Lacey’s office declined to comment on the allegations that she is continuing to prosecute people with mental illness or on the criticism of her handling of police shootings.

In a press release last year regarding her decision not to prosecute the police officer who shot Ford, she defended her choice. “We did everything we could to ensure a comprehensive investigation,” she said. “Although the loss of Mr. Ford’s life is tragic, we believe the officers’ actions were legally justified and the evidence supports our decision.”

Lacey has long expressed concern about how the criminal legal system treats people with mental illness. In 2015, she issued “A Blueprint for Change,” a report that underscored the importance of to diverting people with mental health and substance use disorders from jail.  

“This is our first comprehensive attempt to fundamentally change the way we treat mentally ill people in Los Angeles County when they come into contact with law enforcement personnel,” Lacey said in a statement at the time. “When implemented, these recommendations will provide treatment options to safely divert nonviolent, mentally ill offenders from jail, which is more costly, and at times, inhumane.”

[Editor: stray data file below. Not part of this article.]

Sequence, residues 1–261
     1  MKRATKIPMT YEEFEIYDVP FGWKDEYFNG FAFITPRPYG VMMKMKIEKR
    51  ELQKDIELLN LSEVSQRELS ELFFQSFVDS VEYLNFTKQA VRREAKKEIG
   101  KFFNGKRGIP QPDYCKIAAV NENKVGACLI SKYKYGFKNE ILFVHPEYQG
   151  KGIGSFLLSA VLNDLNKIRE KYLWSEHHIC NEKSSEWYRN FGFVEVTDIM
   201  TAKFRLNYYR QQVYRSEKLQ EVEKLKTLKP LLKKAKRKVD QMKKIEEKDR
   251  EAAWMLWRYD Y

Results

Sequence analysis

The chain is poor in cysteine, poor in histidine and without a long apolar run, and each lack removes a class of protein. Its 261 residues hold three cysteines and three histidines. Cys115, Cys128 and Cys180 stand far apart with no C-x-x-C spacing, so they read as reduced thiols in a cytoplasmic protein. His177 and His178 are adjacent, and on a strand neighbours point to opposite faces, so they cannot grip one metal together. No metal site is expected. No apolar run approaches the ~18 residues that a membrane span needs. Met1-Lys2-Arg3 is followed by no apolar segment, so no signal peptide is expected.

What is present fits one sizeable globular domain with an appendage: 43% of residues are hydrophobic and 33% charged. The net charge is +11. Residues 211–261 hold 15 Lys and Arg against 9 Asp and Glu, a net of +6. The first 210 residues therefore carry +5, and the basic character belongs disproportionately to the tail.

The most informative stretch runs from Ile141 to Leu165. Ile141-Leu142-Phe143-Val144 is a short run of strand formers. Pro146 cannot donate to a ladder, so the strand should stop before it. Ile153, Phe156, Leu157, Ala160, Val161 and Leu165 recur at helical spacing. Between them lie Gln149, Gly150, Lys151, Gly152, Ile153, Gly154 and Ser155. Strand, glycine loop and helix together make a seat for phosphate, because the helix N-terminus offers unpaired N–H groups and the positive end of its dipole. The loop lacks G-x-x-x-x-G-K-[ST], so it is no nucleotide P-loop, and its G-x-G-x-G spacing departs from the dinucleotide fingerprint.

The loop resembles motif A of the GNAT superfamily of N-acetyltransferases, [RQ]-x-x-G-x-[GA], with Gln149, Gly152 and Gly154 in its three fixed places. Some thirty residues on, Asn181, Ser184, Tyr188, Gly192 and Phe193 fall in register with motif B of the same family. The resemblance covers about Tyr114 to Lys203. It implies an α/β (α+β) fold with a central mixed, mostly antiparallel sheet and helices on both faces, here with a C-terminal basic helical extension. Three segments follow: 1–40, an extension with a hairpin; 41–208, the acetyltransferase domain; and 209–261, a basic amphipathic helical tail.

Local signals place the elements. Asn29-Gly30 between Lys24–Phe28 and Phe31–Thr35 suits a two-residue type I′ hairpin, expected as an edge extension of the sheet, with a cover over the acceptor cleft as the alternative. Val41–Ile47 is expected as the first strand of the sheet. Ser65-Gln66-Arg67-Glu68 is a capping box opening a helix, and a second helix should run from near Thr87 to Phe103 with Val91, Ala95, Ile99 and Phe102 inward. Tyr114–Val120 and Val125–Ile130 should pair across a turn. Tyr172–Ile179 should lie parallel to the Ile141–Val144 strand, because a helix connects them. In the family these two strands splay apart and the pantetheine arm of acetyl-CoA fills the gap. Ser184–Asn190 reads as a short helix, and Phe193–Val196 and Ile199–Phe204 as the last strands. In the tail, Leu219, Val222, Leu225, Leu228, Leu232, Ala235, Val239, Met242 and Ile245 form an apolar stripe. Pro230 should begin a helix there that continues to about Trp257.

The county’s mental health diversion program, which has served around 3,000 people so far, gives people housing and treatment while their criminal cases are underway. And the county has made other strides since then: Under a settlement, mentally ill detainees are supposed to be matched with service providers while in jail, and the Board of Supervisors recently announced plans to replace the men’s jail with a mental health facility.

But critics say Lacey herself isn’t the reformer she has claimed to be. Though in January she announced a new division in her office devoted to serving people with mental illness, the unit only has about two staffers, according to Joseph Iniguez, an assistant district attorney in Lacey’s office who is running against her in 2020. And Iniguez said line prosecutors aren’t properly trained on how to handle cases involving people with mental illness in court.

“We’ve had training on how to address mental health defenses—so literally ways to fight mental health defenses,” Iniguez told The Appeal. “But we haven’t been equipped to understand and deal with mental health illness and how to treat a human that’s brought into our process in the first place.”

As in many other large cities, roughly 30 percent of the people in jail in Los Angeles have mental health issues.

But rather than fight to keep them out, Lacey’s office is often charging people with mental illnesses with new crimes once they are detained.